- SEED Learning: Keeping it Local: A local lecture series for the community will offer semi-annual presentations that translate research for practitioners and policy makers locally while emphasizing networking.
SEEDING Success: Interventions that Work
As SEED faculty develop and identify interventions that build resilience and interrupt the negative consequences of early adversity or children and families, we will make those programs sustainable in the community. These programs will include a vibrant research arm that allows us to continue generating new knowledge while also providing rich learning experiences for students.
We have two programs targeted under Seeding Success. MotherWise focuses on reducing the risk that women face for violence, relationship problems, family instability and stress, both during pregnancy and just after a baby is born. The first program of its kind in metro Denver, MotherWise's six-week workshops support women in building practical life and relationship skills that empower them and their families to thrive during this critical stage.
The MotherWise vision – Healthy Relationships, Thriving Families – guides the overall project and measurable outcomes. With initial grant funding from a Healthy Marriage and Relationship Education grant from the Administration for Children and Families (ACF) at the U.S. Department of Health and Human Services, MotherWise will be a sustainable community program that simultaneously invests in high-quality research to advance SEED knowledge by 2020.
The Care Project provides assistance during pregnancy for mothers experiencing distress during the prenatal period. The goal of the Care project is to provide support during pregnancy and reduce mom's distress with the goal of improving both mother and baby health.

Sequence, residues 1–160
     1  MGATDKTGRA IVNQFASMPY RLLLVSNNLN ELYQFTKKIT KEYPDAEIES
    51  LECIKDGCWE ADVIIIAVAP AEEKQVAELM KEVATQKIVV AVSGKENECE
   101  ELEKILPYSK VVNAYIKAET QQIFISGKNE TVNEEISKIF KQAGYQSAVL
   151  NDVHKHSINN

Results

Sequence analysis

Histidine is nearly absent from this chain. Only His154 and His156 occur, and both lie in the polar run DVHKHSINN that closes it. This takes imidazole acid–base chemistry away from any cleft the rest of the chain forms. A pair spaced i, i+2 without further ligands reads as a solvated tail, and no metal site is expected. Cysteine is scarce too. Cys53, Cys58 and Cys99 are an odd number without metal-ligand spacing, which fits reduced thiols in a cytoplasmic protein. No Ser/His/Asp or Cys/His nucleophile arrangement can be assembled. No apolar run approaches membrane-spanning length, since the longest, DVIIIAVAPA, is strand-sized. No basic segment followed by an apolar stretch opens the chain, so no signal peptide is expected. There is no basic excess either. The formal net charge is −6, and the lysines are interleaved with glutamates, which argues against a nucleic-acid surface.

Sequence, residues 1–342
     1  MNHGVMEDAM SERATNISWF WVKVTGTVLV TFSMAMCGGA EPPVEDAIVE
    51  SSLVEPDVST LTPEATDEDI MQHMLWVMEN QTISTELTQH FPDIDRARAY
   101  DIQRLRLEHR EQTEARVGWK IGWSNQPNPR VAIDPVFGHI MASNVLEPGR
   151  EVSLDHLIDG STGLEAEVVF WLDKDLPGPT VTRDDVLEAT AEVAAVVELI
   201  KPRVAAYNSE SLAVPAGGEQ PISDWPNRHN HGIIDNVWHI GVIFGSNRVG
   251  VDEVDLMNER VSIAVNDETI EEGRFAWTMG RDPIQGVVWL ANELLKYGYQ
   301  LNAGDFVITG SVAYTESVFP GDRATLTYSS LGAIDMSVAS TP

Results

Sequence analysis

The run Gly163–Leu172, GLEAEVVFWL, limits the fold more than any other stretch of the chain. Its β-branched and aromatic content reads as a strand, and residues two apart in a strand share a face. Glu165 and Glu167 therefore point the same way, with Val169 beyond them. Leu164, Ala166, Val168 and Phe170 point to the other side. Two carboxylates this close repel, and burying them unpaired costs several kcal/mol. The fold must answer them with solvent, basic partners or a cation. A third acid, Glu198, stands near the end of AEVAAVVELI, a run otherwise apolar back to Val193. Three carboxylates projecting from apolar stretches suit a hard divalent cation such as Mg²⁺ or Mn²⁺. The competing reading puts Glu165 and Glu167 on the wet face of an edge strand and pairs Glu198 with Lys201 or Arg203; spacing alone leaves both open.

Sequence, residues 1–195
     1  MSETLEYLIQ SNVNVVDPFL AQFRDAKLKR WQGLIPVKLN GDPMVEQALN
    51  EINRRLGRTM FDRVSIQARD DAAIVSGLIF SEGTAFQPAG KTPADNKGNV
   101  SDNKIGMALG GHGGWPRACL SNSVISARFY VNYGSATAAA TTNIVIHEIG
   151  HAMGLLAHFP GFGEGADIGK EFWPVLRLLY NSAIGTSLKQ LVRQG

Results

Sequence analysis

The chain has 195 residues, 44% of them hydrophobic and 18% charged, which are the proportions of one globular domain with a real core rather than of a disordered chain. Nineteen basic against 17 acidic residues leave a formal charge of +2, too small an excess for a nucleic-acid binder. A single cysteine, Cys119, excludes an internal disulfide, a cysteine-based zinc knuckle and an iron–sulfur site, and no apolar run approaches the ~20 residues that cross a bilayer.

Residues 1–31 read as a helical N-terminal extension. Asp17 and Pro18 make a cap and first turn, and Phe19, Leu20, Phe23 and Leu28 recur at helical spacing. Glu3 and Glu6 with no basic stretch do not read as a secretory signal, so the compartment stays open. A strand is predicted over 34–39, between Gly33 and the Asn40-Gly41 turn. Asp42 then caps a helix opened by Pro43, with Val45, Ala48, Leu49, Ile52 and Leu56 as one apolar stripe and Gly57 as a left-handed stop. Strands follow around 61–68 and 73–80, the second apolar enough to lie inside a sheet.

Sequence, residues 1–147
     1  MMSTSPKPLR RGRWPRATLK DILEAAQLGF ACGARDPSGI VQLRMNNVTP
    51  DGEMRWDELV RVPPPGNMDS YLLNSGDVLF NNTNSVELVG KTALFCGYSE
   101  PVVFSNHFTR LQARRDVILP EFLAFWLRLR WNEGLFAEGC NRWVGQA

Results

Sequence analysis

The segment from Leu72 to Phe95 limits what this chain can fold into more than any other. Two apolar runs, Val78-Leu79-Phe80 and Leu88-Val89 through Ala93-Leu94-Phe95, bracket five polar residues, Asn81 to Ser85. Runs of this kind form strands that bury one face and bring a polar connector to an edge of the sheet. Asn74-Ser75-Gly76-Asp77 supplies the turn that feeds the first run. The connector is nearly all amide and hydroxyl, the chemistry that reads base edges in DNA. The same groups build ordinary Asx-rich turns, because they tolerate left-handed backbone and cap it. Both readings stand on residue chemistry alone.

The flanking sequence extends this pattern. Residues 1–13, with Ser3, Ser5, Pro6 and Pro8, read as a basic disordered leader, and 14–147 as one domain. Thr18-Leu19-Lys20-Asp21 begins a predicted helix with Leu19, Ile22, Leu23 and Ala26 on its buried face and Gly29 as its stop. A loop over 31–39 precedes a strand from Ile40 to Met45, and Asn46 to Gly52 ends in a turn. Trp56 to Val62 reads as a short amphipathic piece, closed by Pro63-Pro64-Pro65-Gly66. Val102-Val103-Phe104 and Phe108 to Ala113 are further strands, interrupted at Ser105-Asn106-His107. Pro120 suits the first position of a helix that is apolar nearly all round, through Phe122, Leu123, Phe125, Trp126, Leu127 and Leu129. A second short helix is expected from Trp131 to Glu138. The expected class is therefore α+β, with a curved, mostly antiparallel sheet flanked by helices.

The Care Project is a large randomized control trial funded by the National Institute of Mental Health that looks at whether helping moms with feelings of sadness or depression during pregnancy can benefit mom and baby. We are looking to see if helping moms with these feelings during pregnancy can benefit baby's development as well. We follow moms throughout pregnancy and into their baby’s first 18 months of life.
SEEDING Innovation: Research for Impact
We will generate new SEED knowledge through research and share SEED science with other scientists, students, communities, practitioners and policy makers. We will support robust collaborations that engage fellows at all stages of training, including:
- Faculty Pilot Research: Faculty will conduct keystone pilot studies that can be scaled up with external funding after the pilot phase. Projects will involve student, postdoctoral and faculty collaborators.
- Doctoral Student Research: Doctoral students will conduct dissertation research that advances SEED science and their development as SEED scientists.
Innovation requires changing how we engage families in research, particularly when those families face significant adversity, such as homelessness or poverty. We will fundamentally change our approach to engaging families through:
- Mobile Testing Center: A mobile testing center will allow our researchers to move around the Denver metro area, taking cutting-edge psychological and neuroscience equipment to children and families.
- Summer Psych-Sci Camps: A vibrant summer camp will offer children and families an early experience at DU, offering high-quality early care and education that emphasizes learning about science and also includes data collection for relevant research projects.here